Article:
For Immediate Release - February 08, 2013

State Office of Consumer Affairs and Business Regulation Encourages Preparedness in Advance of Major Snow Storm

BOSTON - With the some parts of the state expecting nearly two feet of snow beginning Friday, the Office of Consumer Affairs and Business Regulation encourages consumers to take proactive steps to protect themselves and their property from storm damage.

"Although snow storms are not new for New Englanders, this storm could be one of historic proportions. And, it is always better to be over prepared for weather events in order to avoid fire drills and major headaches down the road,” said Undersecretary of Consumer Affairs and Business Regulation Barbara Anthony. “We encourage consumers to take our tips to heart in order to be safe, and to save time and money down the road.”

The Office of Consumer Affairs and Business Regulation oversees the Division of Banks, Division of Insurance, Division of Professional Licensure, Division of Standards, and the Department of Telecommunications and Cable.

In preparation for the storm, on Thursday, the Division of Standards put its weights and measures compliance officers on alert to look for any possible motor fuel price irregularities, including price gouging. Any instances of these types of irregularities or of suspected price gouging should be reported immediately to the Division of Standards at 617-727-3480.

The Office of Consumer Affairs and Business Regulation offer the following advice for dealing with the storm and its aftermath:


Prepare the outside. Trim dead wood and weak or overhanging branches from all trees. Check and secure anchoring for covered porches. Reinforce garage doors and install head and foot bolts to external doors so that they are able to withstand high winds.

Take a home inventory. An inventory should include all information about your belongings and be accompanied by photos of the items. If you do not have time to create a comprehensive list of the items in your home, then quickly videotape and/or photograph every room. The more detail you include, the easier it will be for your insurance company to evaluate any loss when going through the claims process. In case of power outages, inventory any perishable food in the event it is covered by your insurance policy.

Know your insurance policy. Read through your policy and keep the documents available. Make sure you know what kinds of damage can be covered. Insurance will not cover tree removal unless the fallen tree has done property damage. Call your company or agent with any questions.

Check your utilities. Make sure to have a working water heater and adequate home heating, and contact your landlord or property manager if you find any problems. Charge any electronic devices fully and check on the battery backup system that a cable voice or "VoIP" phone uses, so that connectivity (especially with a wireless phone) can be maintained in the case of power outages. After charging, unplug all electronics so that when the power comes back on there is not a power surge.

Stock up on essentials. Keep an excess of sand and/or rock salt to melt snow or ice and make arrangements for snow removal. Have some emergency cash on hand in case you are unable to visit a bank branch or ATM. Make sure to have enough food and blankets for the weekend.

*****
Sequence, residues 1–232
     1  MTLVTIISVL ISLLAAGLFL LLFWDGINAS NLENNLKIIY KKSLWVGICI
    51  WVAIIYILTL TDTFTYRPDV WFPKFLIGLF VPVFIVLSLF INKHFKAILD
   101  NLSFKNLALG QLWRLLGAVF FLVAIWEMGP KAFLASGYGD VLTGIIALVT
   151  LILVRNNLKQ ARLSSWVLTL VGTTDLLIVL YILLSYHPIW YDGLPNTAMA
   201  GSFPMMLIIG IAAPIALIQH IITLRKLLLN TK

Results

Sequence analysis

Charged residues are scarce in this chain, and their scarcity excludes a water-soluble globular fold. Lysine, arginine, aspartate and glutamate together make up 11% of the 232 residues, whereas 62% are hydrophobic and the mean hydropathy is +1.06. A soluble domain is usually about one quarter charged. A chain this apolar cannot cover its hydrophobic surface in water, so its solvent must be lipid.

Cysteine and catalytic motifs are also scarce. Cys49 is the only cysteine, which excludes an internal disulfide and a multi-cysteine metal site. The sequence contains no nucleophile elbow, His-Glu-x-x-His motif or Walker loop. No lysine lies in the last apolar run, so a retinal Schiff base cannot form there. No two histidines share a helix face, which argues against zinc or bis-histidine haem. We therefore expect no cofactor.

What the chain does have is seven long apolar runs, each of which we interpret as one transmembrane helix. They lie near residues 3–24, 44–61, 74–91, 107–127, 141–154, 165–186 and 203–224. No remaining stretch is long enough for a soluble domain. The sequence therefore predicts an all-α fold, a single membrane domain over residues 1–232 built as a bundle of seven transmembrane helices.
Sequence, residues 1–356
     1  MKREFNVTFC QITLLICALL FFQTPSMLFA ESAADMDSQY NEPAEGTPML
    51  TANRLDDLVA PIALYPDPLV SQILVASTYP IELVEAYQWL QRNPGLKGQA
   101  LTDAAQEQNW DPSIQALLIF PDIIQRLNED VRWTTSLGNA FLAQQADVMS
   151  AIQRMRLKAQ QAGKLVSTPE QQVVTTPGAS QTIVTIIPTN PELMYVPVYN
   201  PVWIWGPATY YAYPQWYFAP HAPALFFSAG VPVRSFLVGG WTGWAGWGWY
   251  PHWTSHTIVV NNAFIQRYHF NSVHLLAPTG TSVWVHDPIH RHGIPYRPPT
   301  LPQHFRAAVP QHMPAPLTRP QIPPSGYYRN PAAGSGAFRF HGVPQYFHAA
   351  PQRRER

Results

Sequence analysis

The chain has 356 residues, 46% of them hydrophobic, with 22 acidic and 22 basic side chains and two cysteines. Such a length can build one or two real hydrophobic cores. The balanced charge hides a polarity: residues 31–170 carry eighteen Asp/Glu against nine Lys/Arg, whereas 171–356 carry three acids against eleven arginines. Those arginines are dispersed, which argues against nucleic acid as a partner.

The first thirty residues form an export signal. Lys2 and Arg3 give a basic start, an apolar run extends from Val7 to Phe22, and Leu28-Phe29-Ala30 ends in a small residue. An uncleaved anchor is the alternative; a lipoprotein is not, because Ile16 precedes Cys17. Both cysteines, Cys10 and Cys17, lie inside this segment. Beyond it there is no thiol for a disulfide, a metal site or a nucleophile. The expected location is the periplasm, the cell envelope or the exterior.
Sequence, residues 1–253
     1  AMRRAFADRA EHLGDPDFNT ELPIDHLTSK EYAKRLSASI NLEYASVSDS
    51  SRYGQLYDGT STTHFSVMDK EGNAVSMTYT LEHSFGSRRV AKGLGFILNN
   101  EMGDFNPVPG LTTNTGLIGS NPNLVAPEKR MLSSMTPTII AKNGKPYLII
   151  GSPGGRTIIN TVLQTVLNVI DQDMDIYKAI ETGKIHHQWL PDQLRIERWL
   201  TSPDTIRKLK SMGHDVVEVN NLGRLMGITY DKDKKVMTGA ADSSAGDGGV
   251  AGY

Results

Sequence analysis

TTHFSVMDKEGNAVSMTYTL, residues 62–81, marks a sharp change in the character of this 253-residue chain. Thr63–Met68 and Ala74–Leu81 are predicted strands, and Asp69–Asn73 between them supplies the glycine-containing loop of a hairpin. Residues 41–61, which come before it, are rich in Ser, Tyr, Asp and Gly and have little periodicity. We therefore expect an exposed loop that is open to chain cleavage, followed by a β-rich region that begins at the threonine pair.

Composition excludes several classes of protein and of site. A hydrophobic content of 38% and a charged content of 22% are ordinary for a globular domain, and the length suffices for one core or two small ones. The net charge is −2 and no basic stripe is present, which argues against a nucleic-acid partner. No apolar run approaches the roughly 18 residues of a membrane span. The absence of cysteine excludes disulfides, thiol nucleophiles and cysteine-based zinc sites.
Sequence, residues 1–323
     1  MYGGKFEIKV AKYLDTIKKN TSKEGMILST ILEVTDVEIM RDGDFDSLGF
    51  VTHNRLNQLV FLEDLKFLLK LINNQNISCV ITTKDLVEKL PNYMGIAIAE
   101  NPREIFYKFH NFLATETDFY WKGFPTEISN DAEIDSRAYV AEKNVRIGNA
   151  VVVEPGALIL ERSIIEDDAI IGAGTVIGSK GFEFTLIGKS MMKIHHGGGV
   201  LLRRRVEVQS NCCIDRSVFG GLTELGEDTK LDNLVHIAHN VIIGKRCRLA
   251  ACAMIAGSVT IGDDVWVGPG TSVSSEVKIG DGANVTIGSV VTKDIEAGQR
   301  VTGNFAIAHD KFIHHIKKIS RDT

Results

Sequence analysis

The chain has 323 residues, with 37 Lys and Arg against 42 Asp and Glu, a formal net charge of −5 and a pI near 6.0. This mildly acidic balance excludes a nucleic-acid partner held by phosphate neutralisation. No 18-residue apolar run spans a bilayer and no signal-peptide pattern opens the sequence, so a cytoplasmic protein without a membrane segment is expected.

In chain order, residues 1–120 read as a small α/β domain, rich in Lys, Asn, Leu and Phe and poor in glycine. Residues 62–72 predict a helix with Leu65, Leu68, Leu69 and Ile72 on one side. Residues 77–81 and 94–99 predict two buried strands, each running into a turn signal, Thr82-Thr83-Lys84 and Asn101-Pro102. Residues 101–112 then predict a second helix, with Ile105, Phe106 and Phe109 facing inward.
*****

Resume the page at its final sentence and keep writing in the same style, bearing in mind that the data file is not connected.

Avoid fires. Make sure space heaters have three to four feet of space around them to avoid igniting flammable objects, like bed sheets or curtains. Use space heaters only as supplemental heat, not as a substitute for home heating. Do not leave heaters on while sleeping or out of the house. Keep fireplaces adequately covered and protected from young children and pets.

Beware icy paths. If you must go out, be mindful of walkways covered with snow and ice. Make sure to shovel or to arrange for shoveling, salting or sanding to reduce the chances of slips and falls.

Report outages to your carrier. If your phone, cable, or other utilities stop working, contact the company directly. Check the company website to see if outages have been reported in your area and to find out the status of a previously reported outage.


Be vigilant. Keep children and pets away from downed or low-hanging power lines. Do not attempt repairs until it is safe to do so.

Document everything. Take pictures of any storm related damage to your property or belongings. Contact your insurance company as soon as possible to file a claim. Keep a record of all receipts, and document any time you spent securing your property, and your conversations with the insurance company. Do not make permanent repairs until a claims adjuster has inspected the property. However, do take action to prevent further damage, like covering holes in the roof or patching windows. Consumers with insurance concerns should contact the Division of Insurance at (877) 563-4467 or (617) 521-7794.

Report problems with outages. The Department of Telecommunications and Cable’s customer service representatives can assist consumers with continued outages or loss of service, or other issues. Contact the Consumer Division’s toll-free line at (800) 392-6066 or locally at (617) 305-3531.

Avoid scams. Avoid being pressured into hiring cleanup crews that appear in your neighborhood. Always get a proposal in writing, do not pay more than one-third of the cost up-front, and do not pay in cash. Make sure to use a registered home improvement contractor or licensed professional to do work. Contractor registrations and histories can be looked up online at Electricians, plumbers and other professional licenses can be checked at Tree removers are not required to be licensed, so check with the Better Business Bureau at to see if the company or individual has any complaints.

Consumers are advised to check the state website for additional information regarding alerts, power outages, and road conditions.